It’s Jurassic Park.
I still have my toy T-Rex from 1993 — and it still roars! I know pretty much all of Jeff Goldblum’s lines by heart and am working my way through memorizing Wayne Knight’s. I, like many others, am still pissed that Muldoon gets treated the way he does.
Jurassic Park was the first “big” movie (well, outside of Tim Burton’s Batman) that I saw in theaters. I was too young for Return of the Jedi and Indiana Jones, and I remember being at summer camp, talking to my parents on the one phone in the whole place, outside the administration center, hearing my mom and dad describe how amazing it was. Those damn three weeks couldn’t be over soon enough for me to get to the theater.
So it’s a personal, nostalgic favorite.
Unless you’ve been living in a bathtub eating spaghetti for the last 20 years, you already know the plot: eccentric billionaire John Hammond (Richard Attenborough) has discovered a way to clone dinosaurs. There’s an accident, and his investors are concerned about the safety of the park, so Hammond invites paleontologists Alan Grant (Sam Neill) and Ellie Satler (Laura Dern), as well as even-more eccentric chaotician Ian Malcolm (Jeff Goldblum) for a weekend stay. They discuss the philosophy of creating such a place, some kids show up, the dinos get loose and so does all hell.
Now it’s been converted to 3D, and pretty damn well.
Spielberg oversaw and approved the conversion by Stereo D, the team that similarly converted Titanic to 3D. And, as the press notes included in the screening invite often point out, a team of over 700 worked on the project, apparently rendering more 3D rain drops than have ever been put on screen. It also puts the bulk of its emphasis on the look of the dinosaurs, which still hold up effortlessly after 20 years. But I honestly don’t think the 3D adds any more to the thrills that were already there, perhaps because they were already there.
Moreso because Spielberg shoots much of the action from the point of view of the humans — when Ellie and Grant first see the Brachiosaurus; when Grant lights the flare to distract the T-Rex; the Gallimimus stampede — these are all iconic moments from the film, and they’re all shot with the animals in the background, from the eye level of a human. Don’t expect to see the T-Rex snap out of the screen at you, because that’s not how the movie was filmed.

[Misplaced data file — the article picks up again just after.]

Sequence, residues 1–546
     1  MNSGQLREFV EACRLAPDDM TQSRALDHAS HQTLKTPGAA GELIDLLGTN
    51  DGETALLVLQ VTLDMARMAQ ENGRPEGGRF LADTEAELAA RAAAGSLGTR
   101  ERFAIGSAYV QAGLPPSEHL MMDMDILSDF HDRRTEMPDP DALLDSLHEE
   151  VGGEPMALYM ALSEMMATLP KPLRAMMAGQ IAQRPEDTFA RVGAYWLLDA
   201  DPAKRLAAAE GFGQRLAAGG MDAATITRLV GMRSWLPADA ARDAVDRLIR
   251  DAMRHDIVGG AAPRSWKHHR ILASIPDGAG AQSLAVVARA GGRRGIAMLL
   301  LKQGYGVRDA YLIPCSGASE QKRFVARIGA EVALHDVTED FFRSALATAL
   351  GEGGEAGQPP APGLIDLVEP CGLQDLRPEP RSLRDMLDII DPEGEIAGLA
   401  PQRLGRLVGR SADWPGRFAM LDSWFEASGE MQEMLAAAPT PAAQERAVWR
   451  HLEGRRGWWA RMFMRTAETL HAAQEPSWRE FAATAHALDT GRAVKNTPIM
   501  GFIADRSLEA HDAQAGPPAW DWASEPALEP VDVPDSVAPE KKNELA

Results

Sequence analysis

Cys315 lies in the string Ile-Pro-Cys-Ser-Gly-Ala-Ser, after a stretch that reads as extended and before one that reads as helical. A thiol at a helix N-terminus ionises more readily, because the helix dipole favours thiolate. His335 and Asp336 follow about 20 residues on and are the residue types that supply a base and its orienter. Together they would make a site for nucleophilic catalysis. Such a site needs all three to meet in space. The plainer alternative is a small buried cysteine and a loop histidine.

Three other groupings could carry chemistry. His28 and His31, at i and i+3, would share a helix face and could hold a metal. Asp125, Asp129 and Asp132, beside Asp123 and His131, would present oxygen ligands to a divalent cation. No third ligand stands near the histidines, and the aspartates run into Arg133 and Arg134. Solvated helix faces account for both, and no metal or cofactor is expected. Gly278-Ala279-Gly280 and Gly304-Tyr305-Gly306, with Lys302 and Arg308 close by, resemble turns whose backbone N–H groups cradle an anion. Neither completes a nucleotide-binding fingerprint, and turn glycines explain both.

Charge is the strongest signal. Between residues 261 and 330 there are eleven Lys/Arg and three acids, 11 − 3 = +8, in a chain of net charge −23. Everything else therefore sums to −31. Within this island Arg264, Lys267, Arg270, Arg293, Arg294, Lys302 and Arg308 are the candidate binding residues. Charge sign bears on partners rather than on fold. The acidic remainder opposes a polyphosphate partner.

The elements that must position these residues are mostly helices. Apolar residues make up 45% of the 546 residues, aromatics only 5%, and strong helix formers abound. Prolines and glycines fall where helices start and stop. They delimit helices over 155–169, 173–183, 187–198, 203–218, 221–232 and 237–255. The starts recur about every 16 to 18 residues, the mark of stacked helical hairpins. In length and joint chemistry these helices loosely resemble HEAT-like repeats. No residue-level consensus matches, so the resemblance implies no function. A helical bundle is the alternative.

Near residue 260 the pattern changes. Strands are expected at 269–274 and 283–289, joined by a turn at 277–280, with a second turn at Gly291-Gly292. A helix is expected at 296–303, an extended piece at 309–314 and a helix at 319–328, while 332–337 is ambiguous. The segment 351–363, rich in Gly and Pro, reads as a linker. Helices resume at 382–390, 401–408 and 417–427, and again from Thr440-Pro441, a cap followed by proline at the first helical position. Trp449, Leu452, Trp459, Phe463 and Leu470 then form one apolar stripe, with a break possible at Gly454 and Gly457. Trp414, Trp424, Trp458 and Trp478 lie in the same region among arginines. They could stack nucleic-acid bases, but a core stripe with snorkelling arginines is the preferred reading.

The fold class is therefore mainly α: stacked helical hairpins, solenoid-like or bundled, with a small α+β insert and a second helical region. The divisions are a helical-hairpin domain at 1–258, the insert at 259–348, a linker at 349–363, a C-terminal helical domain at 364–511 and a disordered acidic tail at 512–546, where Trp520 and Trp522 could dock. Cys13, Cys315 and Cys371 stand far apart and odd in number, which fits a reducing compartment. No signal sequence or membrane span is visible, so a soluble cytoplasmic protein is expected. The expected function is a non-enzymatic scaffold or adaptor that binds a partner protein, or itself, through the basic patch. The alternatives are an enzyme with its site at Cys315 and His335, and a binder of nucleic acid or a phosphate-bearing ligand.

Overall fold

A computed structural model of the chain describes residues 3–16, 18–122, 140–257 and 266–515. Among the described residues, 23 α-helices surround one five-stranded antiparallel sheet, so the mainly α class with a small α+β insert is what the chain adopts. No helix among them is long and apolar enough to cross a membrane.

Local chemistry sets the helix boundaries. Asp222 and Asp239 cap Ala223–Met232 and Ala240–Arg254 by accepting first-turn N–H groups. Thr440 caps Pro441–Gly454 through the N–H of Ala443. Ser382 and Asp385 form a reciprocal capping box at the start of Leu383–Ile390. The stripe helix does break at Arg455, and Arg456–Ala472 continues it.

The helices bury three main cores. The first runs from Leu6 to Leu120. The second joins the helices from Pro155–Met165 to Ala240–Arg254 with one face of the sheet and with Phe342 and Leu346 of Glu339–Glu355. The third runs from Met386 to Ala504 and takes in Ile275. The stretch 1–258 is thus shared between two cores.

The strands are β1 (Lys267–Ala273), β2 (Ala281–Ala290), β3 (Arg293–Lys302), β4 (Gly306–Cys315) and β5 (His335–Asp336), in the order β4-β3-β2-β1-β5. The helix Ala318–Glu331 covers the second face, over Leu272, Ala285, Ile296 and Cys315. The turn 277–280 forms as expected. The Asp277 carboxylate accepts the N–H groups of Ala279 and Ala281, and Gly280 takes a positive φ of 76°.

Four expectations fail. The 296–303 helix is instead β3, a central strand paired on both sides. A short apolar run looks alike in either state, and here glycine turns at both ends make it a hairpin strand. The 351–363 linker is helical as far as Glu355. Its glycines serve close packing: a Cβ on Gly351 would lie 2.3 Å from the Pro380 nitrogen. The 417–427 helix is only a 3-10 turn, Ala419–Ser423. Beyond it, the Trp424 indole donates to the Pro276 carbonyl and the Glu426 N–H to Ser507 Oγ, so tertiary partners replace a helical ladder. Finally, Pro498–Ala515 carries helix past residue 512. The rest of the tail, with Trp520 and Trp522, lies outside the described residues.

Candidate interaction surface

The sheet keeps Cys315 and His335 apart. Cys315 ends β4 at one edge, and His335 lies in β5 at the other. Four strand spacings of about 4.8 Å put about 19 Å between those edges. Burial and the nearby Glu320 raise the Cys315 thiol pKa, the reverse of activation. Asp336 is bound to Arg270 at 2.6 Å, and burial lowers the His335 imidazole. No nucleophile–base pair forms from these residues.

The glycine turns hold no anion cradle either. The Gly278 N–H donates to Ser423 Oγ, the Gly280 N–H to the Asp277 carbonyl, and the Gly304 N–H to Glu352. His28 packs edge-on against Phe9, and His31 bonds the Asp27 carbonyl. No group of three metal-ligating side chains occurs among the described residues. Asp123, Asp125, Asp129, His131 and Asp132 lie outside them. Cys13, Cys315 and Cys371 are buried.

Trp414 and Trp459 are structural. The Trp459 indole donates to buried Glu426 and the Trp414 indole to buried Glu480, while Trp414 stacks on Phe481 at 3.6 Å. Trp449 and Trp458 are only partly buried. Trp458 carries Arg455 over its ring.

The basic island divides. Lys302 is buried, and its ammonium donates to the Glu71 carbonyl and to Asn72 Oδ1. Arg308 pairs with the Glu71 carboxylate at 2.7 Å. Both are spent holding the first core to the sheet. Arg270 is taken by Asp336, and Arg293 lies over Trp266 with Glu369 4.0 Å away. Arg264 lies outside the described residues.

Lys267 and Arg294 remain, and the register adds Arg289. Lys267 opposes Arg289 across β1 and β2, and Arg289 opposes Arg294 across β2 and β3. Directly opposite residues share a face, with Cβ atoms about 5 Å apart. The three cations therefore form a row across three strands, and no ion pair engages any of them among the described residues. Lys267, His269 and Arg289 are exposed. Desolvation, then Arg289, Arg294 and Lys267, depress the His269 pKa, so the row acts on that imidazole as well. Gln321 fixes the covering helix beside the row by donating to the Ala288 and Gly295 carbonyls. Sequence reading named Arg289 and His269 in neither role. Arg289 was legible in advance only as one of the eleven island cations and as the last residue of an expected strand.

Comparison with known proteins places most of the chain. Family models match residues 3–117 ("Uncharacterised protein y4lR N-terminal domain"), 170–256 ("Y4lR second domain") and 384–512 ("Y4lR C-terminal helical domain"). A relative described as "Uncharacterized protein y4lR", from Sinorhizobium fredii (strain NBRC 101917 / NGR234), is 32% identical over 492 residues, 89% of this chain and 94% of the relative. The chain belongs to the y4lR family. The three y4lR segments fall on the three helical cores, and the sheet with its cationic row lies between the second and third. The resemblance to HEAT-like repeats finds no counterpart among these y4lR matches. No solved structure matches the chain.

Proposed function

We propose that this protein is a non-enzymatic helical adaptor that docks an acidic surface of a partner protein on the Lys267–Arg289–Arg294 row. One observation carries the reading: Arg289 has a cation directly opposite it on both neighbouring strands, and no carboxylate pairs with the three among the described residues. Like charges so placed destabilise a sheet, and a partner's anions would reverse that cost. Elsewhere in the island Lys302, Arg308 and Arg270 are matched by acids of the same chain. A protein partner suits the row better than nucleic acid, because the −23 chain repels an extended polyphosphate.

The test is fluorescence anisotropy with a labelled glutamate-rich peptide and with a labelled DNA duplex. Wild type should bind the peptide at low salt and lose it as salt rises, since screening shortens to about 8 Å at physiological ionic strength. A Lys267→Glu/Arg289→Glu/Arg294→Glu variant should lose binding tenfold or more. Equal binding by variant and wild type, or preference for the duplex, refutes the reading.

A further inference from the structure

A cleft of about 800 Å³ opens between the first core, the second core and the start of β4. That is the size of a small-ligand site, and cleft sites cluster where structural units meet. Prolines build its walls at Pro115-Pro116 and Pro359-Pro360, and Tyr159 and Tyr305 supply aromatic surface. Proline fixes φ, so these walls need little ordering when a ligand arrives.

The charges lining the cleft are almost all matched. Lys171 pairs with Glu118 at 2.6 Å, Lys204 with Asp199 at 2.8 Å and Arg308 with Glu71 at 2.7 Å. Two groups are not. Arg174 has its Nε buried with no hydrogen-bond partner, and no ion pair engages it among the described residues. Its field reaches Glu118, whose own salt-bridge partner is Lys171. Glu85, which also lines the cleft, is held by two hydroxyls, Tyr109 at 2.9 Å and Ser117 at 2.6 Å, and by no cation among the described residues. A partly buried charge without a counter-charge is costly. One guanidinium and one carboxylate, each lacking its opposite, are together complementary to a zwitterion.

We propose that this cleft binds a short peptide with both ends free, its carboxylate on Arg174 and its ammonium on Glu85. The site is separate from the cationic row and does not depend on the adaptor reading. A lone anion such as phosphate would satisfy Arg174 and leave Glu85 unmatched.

And that’s actually a good thing for this conversion. The idea, at least as best we’ve been told, behind 3D is to make you feel as if you’re there, in the flick. And instead of throwing out a T-Rex’s toothy grin all up in your face, the application is more subtle: it’s used to bring out the locations, and excellently so. The opening shots of the Montana Badlands, even Grant and Ellie’s trailer, look spectacularly good. Spielberg learned from John Ford how to shoot locations, adding a sense of depth and majesty to the two-dimensional shot, here to 3D works in service of that, instead of demanding your divided attention. The helicopter drop past the waterfall; the journey into the park on the beige and red jeeps, even the dining room — superb.
Where it does feel forced is whenever any character in the foreground is out of focus. I remember one shot in particular when Hammond and the group are having lunch and Malcolm is sitting to left, his big, blurry, leather jacket jutting out of the screen.
It’s worth it to see Jurassic Park on the big screen, regardless of the gimmick. It works at times very well, and when it doesn’t, it’s not hopelessly noticeable, since the film is so well crafted to begin with. A little subtlety, in this instance, goes a decent way